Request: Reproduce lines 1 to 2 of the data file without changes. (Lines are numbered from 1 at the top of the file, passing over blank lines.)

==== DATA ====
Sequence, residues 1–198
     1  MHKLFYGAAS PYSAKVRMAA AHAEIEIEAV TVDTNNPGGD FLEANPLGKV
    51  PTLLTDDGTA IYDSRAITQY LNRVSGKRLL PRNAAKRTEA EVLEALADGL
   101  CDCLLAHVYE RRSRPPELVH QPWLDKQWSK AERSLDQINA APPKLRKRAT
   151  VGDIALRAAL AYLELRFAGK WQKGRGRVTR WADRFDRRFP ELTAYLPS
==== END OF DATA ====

Sequence, residues 1–198
     1  MHKLFYGAAS PYSAKVRMAA AHAEIEIEAV TVDTNNPGGD FLEANPLGKV